5 min read
Gold and Basel III
The price of gold has been weak of late, but many commentators expect that to change as the implementation of new bank capital rules under Basel III will support demand for physical gold. In this Macro Flash Note, GianLuigi Mandruzzato looks at the outlook for the price of gold considering both the new Basel III rules and long-term economic fundamentals.
Many commentators believe that the price of gold will soon rise due to the implementation of new rules on banks’ capital requirements under Basel III.1 First announced in 2017, the Basel III rules apply to banks operating in the US, the European Union and Switzerland since the end of June 2020. Notably, as of 01 January 2022 they will also apply to UK banks and hence to a dominant share of financial transactions related to gold settled on the London Bullion Market.
The new regulation distinguishes between allocated and unallocated gold accounts. Gold in allocated accounts is held in custody in a bank’s vaults but belongs to the bank’s clients. Unallocated gold accounts reflect financial transactions linked to gold including gold lending, swaps, futures, and hedging for producers and refiners as well as jewellers and other corporate users. Unallocated gold accounts belong to the bank.
Under the new regulation, allocated gold will be considered a Tier 1 asset and will continue to have zero risk weighting. Conversely, banks’ unallocated gold and exposures due to other financial transactions will be considered a Tier 3 asset subject to a Required Stable Funding (RSF) ratio of 85% like other risky assets such as equities. Under the new rules, banks are required to hold physical gold or other liquid assets for an amount equal to at least 85% of the value of unallocated gold on their books.
Unallocated gold accounts, often referred to as paper gold, are attractive to banks because they can leverage on the gold actually held in the vaults: some estimates put the ratio of unallocated gold to physical gold at up to 400 times, making it potentially very profitable to bullion banks. A likely, and probably intended, consequence of the Basel III rules will be a drop in the volume of financial transactions linked to gold. The increased cost of these activities will encourage bullion banks to reduce their exposure or to increase the price they charge clients, who may reduce demand for those products.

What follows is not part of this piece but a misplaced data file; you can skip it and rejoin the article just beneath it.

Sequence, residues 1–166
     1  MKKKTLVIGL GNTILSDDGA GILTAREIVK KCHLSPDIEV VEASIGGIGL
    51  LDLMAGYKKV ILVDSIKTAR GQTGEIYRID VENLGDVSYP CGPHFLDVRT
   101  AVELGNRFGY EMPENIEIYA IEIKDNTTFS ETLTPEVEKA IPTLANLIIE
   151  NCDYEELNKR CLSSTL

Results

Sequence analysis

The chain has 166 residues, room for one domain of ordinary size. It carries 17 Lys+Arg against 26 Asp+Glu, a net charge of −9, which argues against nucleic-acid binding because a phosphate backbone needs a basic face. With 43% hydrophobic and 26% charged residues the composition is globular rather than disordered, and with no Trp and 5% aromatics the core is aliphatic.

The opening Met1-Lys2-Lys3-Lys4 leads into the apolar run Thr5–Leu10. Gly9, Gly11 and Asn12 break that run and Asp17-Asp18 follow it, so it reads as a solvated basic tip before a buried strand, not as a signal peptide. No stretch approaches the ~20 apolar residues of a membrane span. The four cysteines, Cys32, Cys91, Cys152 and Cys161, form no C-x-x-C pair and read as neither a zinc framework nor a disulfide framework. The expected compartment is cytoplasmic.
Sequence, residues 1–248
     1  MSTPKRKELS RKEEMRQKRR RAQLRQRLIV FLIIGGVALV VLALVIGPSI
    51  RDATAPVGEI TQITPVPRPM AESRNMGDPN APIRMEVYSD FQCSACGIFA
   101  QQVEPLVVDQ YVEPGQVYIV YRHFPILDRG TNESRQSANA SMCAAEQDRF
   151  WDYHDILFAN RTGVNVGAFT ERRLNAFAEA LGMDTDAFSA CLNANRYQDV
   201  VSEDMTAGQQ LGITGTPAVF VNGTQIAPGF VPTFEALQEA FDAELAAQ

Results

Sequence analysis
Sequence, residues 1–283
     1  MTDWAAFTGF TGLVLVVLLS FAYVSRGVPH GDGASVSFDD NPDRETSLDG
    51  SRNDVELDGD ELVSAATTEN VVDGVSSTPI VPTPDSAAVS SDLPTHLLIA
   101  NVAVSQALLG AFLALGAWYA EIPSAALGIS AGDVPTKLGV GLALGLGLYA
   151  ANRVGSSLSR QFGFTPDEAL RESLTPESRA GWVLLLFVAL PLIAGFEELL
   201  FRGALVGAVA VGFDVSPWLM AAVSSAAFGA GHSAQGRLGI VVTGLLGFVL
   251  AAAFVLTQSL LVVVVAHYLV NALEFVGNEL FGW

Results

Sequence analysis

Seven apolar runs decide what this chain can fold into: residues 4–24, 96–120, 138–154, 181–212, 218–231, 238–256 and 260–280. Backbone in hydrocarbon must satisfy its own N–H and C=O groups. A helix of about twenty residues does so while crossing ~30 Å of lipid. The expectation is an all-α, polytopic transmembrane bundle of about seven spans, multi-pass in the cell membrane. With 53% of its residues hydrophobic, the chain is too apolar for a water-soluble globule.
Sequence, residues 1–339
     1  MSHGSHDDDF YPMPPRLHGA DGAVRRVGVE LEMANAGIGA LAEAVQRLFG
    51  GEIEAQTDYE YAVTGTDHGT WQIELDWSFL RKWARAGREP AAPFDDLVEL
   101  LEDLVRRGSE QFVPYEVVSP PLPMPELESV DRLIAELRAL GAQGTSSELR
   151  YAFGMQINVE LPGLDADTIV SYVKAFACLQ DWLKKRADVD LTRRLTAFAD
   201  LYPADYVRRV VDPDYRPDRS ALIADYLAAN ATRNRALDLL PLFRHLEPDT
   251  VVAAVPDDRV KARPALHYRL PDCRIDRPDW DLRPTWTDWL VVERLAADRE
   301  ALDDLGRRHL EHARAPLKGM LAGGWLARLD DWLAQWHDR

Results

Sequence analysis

The new rules give physically held gold a preferential treatment over paper gold, and that should increase demand for bullion and support the price of gold. Many commentators see as no coincidence that since 2017 central banks have purchased large volumes of physical gold and that gold prices have generally risen (see Chart 1). Because of the new rules, banks are expected to advise clients to turn unallocated into allocated gold positions, increasing, at least temporarily, the demand for physical gold. However, since this would mainly be an accounting effect rather than a real increase in demand for the yellow metal, the impact on gold prices looks uncertain.
Chart 1. Official sector demand and gold price
Rather, the price of gold should benefit from the lower volume of unallocated gold accounts. As these financial transactions are often used to speculate on a downward movement of the price of gold, a reduction in their size should be supportive of prices.
The calendar also matters and the effect of the new regulation on gold prices is expected to emerge in the latter part of 2021 if the implementation of the new rules goes ahead as planned also for UK banks. The London Bullion Market is the world's leading gold trading hub with a daily turnover of nearly USD30 bn, and UK bullion banks are among the major players in the market (see Chart 2).2 There is still uncertainty as to whether the new regulations will be implemented in the UK. LBMA, supported by the World Gold Council, the association of gold producers, has asked the UK Prudential Regulation Authority (PRA) to review the Basel III terms or postpone its implementation. On 09 July, PRA said clearing activities will be exempted from the 85% RSF and left open the possibility of reducing the required capital buffer against unallocated gold positions, without providing further detail.
Chart 2. LBMA monthly average of daily transactions
While the enforcement of the new Basel III rules is expected to drive the price of gold higher in the next few months, other fundamental factors also favour higher prices. Notably, expectations of continued expansive monetary policy for some time to come (as shown by the US 10-year government bond yield close to 1.30% at the time of writing this note) a relatively weak US dollar, and the level of the VIX index of implied equity market volatility together suggest the gold price should trade above current levels of around USD1800 per ounce (see Chart 3).
Chart 3. Gold prices could be higher
1 The Basel Committee on Banking Supervision, which sets standards for regulation of banks, developed what is called Basel III. It is an internationally agreed set of measures that aim to strengthen bank regulation, supervision and risk management.
2 About 150 firms are members of the London Bullion Market Association, including producers, refiners, and traders, and 43 banks, of which only ten are European or Swiss.